Inalienable rights could be inferred, I suppose, by identifying rights that cannot be taken from an individual by human law.   The inalienable rights are, however, a function of the authority that could prevent them by law.   So to define inalienable rights one must first focus on a particular authority and the rights that are not precluded by that authority.   Universal inalienable rights can, at best, be approximated by identifying rights that no authority on the planet can take away.   But that is simply an approximation.

 
 
 
Gordy327
Professor Principal
12.1.23  Gordy327  replied to  Mark in Wyoming @12.1.18    last year
if a child has no rights , then it is safe to think that an unborn child has no rights ,

A child has rights. The unborn are not yet children and do not have rights.

yet a person can be charged with a seperate homocide if the unborn dies  based on the unborn childs right to life.

Also wrong! Fetal homicide laws (which are irrational) are based on inflicted harm to the pregnant woman, thereby forcibly removing her rights. The application of such laws is also based on the stage of gestation, the circumstances surrounding the harm inflicted, and whether a prosecutor pursues such a charge.

 and if a person can be charged that way , and the unborn has a right to life , once it is born , it does not lose that right . since the right was established while it was unborn.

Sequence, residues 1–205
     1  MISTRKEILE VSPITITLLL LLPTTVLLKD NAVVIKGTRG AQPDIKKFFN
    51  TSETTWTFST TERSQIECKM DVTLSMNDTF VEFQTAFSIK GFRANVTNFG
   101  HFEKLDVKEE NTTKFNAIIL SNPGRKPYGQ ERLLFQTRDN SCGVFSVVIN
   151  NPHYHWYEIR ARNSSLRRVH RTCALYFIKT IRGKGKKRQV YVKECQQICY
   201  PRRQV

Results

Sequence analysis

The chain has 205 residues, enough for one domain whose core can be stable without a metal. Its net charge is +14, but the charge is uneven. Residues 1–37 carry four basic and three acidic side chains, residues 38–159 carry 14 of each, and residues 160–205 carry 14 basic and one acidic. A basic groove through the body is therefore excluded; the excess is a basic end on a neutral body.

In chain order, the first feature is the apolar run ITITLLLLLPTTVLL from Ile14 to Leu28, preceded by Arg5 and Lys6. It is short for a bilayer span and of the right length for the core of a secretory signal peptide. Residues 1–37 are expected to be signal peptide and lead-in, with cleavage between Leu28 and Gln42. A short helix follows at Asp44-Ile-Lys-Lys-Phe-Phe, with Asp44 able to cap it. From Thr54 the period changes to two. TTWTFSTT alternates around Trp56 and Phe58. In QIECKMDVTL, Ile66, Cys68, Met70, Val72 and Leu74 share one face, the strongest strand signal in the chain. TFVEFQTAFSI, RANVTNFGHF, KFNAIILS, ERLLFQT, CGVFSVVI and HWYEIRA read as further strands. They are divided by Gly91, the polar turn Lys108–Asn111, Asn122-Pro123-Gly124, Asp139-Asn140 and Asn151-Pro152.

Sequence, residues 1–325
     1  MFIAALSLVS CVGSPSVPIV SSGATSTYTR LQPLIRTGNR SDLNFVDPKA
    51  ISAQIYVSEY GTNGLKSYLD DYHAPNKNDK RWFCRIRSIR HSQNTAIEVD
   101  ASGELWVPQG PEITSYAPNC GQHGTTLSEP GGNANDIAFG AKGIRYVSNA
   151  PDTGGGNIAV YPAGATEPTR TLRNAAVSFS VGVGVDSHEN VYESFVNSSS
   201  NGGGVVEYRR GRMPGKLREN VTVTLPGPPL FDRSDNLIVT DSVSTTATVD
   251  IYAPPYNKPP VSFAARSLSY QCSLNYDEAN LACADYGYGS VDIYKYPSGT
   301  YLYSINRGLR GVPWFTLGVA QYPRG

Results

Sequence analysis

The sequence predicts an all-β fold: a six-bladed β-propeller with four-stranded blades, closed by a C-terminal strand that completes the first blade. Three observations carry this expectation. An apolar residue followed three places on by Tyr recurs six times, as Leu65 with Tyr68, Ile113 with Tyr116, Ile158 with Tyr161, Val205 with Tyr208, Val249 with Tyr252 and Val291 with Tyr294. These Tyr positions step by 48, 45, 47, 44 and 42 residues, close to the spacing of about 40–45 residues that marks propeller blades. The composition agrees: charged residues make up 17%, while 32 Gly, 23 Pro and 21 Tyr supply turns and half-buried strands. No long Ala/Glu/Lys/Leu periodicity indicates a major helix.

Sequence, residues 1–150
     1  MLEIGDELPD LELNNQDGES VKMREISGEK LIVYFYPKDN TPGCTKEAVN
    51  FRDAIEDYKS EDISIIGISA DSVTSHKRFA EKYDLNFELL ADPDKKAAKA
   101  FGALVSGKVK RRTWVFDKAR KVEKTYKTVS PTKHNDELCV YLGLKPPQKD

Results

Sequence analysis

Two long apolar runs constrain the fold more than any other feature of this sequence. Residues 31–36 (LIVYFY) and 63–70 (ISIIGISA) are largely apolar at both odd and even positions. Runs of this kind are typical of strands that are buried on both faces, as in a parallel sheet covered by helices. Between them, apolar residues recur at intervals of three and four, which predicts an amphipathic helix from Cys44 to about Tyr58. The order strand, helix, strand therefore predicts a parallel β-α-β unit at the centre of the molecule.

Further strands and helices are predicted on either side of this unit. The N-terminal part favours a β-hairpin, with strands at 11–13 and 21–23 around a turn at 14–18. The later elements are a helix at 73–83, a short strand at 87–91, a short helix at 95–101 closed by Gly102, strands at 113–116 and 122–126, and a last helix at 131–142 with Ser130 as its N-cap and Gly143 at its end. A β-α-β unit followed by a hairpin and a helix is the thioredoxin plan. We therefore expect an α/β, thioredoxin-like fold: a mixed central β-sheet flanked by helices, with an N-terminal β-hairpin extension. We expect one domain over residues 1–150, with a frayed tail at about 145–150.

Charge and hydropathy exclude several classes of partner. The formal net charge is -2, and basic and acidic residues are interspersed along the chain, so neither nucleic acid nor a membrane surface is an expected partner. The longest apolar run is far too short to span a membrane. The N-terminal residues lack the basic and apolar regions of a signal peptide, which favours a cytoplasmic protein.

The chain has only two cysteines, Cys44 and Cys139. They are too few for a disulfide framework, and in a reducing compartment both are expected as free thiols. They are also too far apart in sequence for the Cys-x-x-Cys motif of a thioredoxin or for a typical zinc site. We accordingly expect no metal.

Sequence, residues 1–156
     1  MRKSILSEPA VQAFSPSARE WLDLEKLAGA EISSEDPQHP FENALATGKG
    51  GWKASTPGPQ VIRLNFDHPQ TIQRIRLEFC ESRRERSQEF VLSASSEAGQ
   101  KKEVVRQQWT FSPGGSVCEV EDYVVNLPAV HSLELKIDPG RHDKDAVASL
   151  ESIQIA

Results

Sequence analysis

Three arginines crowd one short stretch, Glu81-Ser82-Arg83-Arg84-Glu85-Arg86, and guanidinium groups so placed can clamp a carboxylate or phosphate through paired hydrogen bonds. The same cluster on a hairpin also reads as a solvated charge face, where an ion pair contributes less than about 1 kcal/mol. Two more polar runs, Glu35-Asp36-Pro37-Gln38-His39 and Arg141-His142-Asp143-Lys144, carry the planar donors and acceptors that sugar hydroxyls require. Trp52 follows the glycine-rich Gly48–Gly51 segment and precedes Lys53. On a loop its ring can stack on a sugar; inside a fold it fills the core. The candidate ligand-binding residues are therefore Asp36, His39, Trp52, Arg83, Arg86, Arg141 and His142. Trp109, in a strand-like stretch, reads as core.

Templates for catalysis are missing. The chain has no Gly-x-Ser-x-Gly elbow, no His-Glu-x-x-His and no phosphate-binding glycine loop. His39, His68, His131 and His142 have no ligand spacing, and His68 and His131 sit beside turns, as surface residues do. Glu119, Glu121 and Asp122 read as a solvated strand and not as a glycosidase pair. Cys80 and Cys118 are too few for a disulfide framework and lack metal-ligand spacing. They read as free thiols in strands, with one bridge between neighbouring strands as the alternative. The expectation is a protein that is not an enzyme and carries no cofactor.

Still incorrect. See previous statement. Also, if the unborn had such rights, abortion would not be permissible.

 like i said , thats societies call , not mine.

True. But fetal homicide laws are bad calls.

 
 
 
Bob Nelson
Professor Expert
12.1.24  Bob Nelson  replied to  TᵢG @12.1.22    last year
the granting authority

There is no ''granting authority''. Rights are innate, inalienable.

There is an enforcing authority, without which our rights have no force. 

The difference is important. A granting authority can withdraw the grant. We suddenly do not have that right. There can be no recourse.

An enforcing authority may cease enforcing... but that is ceasing to accomplish its function. That's grounds for recourse.

 
 
 
TᵢG
Professor Principal
12.1.25  TᵢG  replied to  Bob Nelson @12.1.24    last year

How can there be an enforcing authority without a granting authority?

If we go to the grandest level (back to God) then, as the creator, God is the granting authority of inalienable rights (rights that cannot be granted by and thus revoked by human beings).   This requires making God the exception to the meaning of that word.   And if the creator is not the exception in 'inalienable' then there can be no inalienable rights — they are impossible.

 
 
 
Bob Nelson
Professor Expert
12.1.26  Bob Nelson  replied to  TᵢG @12.1.25    last year

No ''granting authority'' is needed for our rights.

No granting authority is needed for our hands or feet, or ears or eyes...

Our body parts are part of who and what we are. Our rights, also. We do not receive our rights from anyone. They are innate, like our eyes and ears.

It is because our rights are innate that they are inalienable.

 
 
 
JohnRussell
Professor Principal
12.1.27  author  JohnRussell  replied to  Bob Nelson @12.1.26    last year